Explanation of Key Ice Skating Terms

It’s never difficult to express the grace and artistry of Olympic figure skating.The roar of the crowd, or sometimes just quiet awe, says it all. Each performance has specific parts. What are they?

The following feature is designed to break down the four essentials of the figure skater’s craft: jumps, spins, footwork and presentation. Together these basics comprise the judges’ criteria in scoring athletes’ performances.

The Jump

Skating JumpThe jump is skating’s basic element. Jump moves appear in single, double, triple and quadruple rotations. As skaters have taken their programs airborne with greater frequency and proficiency, challenging jump combinations have become the staple of championship performances. “Quad-triple” and “triple-triple,” once spoken at hushed volume, now are part of skating’s everyday vocabulary. The jumps listed below show a progression of increasing difficulty.

Axel: Named for its Norwegian inventor, Axel Paulsen, this is the only jump (with the rare exception of the inside Axel) that takes off with the skater facing forward. He or she launches from the forward outside edge of one foot, makes 2½ revolutions (double Axel) or 3½ revolutions (triple Axel), and lands on the back outside edge of the opposite foot.

Flip: A toe pick-assisted double or triple jump launched from the back inside edge of one foot. The skater makes two or three revolutions and lands on the back outside edge of the opposite foot.

Loop: An edge jump in which the skater takes off from the back outside edge of one foot, makes two or three revolutions, and lands on the same back outside edge.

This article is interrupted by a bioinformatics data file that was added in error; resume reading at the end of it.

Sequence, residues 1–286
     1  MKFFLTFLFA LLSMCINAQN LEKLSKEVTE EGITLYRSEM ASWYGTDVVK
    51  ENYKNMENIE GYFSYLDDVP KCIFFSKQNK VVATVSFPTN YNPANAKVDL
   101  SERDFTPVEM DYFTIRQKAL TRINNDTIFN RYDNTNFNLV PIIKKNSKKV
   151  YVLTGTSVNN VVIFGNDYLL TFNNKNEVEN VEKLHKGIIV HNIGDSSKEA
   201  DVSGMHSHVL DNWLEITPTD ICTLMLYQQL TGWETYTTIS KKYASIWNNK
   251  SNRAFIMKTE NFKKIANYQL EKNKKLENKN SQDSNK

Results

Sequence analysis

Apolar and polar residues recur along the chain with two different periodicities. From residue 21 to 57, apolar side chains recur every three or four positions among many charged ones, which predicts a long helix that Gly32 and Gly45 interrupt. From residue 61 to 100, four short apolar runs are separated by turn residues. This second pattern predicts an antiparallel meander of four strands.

A toe pick-assisted double or triple jump launched from the back outside edge of one foot and landing on the back outside edge of the opposite foot. Most skaters begin by gliding backward on a wide curve, then tapping their toe pick into the ice, rotating the jump in the opposite direction of the curve, and making two or three revolutions before landing. The jump is named for its inventor, Austria’s Alois Lutz.

An edge jump launched from the back inside edge of one foot. The skater makes two, three or four revolutions and lands on the back outside edge of the opposite foot. Named for its originator, Ulrich Salchow, who won 10 World Championships titles from 1901-1911.

Toe-loop: A toe pick-assisted jump with two, three or four revolutions. The skater takes off and lands on the same back outside edge. The toe loop is similar to the loop, except that the skater uses the toe pick of the free leg when taking off.

Spins

Spins are among figure skating’s most difficult elements and require a high degree of precision and concentration. Despite the growing popular appeal of powerful jumps, figure skating purists and judges have turned their attention to spin moves as a means of separating one strong performance from another. A well-executed spin is more subtle and refined than the most athletic and powerful jump. In the end, victory by a tenth of a point might well be traced to the precision, speed and grace of a skater in full whirl.

Beillmann Spin - Moran

Beillmann Spin - Moran

Biellmann Spin: In this spin, invented by Switzerland’s Denise Biellmann, the skater drops her shoulders backward, arches her back, and grabs one blade and lifts her leg above her head from behind. The maneuver typically is performed by women, but Russia’s Yevgeny Plushenko also does one.

Camel: A spin performed on one leg, with the non-skating, or “free,” leg extended in the air parallel to the ice. The body remains in this “spiral” position while spinning.

Sit: A spin in a sitting position low to the ice with the skating (spinning) leg bent at the knee and the free leg extended.

Combo: A sequence of several spins in which the skater changes feet and positions while maintaining speed.

So are you ready yet?

There’s a lot of ice out there. Skaters are required to maximize the full surface. A performance has its high points — jumps and spins popping, one after the other, like so much popcorn. But can an athlete find a way to string it? Judges need proof. The interconnectedness and flow of every skater’s program are essential to his or her presentation and technical merit. The skater’s ability to perform a specific step sequence comes into play here. This is a linkage of steps that immediately follow one another, executed in time to the music and choreographically related to each other. In the end, footwork is the punctuation that holds the substance of a skater’s program together.